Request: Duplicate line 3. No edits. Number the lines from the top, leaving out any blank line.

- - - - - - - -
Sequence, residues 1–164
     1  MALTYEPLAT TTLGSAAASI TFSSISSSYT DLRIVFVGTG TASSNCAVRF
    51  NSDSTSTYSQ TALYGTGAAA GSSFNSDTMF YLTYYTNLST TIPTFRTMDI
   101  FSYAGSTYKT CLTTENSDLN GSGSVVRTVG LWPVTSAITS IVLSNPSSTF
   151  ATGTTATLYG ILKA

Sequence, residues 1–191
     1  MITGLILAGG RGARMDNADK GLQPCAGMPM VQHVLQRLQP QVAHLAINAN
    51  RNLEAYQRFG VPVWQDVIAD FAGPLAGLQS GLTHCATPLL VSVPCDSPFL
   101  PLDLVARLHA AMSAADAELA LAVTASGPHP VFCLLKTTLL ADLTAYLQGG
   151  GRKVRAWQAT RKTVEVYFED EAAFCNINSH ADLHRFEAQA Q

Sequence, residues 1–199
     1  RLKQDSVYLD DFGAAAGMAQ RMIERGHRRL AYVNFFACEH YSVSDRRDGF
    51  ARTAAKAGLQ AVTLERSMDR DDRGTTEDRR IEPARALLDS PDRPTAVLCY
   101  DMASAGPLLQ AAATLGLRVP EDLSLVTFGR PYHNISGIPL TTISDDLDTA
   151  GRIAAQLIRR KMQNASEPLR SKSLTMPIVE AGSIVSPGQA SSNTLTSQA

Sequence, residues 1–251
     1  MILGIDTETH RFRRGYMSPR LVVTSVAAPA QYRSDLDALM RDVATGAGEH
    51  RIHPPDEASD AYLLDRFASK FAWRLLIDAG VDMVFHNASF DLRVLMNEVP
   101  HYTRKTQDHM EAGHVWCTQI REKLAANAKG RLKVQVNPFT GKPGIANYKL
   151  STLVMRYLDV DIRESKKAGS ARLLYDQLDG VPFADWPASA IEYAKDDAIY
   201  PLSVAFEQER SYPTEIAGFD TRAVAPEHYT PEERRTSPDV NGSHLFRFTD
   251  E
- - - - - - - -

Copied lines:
    51  NSDSTSTYSQ TALYGTGAAA GSSFNSDTMF YLTYYTNLST TIPTFRTMDI